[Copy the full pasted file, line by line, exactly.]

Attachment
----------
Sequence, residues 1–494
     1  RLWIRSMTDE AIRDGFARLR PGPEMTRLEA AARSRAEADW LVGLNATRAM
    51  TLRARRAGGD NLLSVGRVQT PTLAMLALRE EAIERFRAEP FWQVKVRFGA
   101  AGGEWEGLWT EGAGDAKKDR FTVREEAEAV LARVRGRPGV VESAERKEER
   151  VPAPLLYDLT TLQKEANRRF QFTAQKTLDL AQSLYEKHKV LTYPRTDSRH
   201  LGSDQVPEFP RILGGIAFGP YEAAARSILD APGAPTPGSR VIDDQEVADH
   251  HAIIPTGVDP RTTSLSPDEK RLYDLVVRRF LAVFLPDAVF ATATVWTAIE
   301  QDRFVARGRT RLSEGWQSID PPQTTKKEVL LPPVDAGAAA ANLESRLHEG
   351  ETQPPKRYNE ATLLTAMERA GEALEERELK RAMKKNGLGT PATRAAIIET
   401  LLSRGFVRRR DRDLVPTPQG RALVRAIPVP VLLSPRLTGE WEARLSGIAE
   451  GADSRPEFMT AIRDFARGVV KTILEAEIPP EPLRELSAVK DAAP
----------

Sequence, residues 1–494
     1  RLWIRSMTDE AIRDGFARLR PGPEMTRLEA AARSRAEADW LVGLNATRAM
    51  TLRARRAGGD NLLSVGRVQT PTLAMLALRE EAIERFRAEP FWQVKVRFGA
   101  AGGEWEGLWT EGAGDAKKDR FTVREEAEAV LARVRGRPGV VESAERKEER
   151  VPAPLLYDLT TLQKEANRRF QFTAQKTLDL AQSLYEKHKV LTYPRTDSRH
   201  LGSDQVPEFP RILGGIAFGP YEAAARSILD APGAPTPGSR VIDDQEVADH
   251  HAIIPTGVDP RTTSLSPDEK RLYDLVVRRF LAVFLPDAVF ATATVWTAIE
   301  QDRFVARGRT RLSEGWQSID PPQTTKKEVL LPPVDAGAAA ANLESRLHEG
   351  ETQPPKRYNE ATLLTAMERA GEALEERELK RAMKKNGLGT PATRAAIIET
   401  LLSRGFVRRR DRDLVPTPQG RALVRAIPVP VLLSPRLTGE WEARLSGIAE
   451  GADSRPEFMT AIRDFARGVV KTILEAEIPP EPLRELSAVK DAAP